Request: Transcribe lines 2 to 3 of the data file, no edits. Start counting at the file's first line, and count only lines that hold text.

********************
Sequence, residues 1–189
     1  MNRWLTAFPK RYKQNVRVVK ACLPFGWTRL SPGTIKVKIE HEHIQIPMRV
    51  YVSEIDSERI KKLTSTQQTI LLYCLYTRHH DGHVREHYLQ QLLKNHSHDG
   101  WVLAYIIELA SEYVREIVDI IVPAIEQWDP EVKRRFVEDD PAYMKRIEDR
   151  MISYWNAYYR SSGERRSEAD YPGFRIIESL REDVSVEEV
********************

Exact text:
     1  MNRWLTAFPK RYKQNVRVVK ACLPFGWTRL SPGTIKVKIE HEHIQIPMRV
    51  YVSEIDSERI KKLTSTQQTI LLYCLYTRHH DGHVREHYLQ QLLKNHSHDG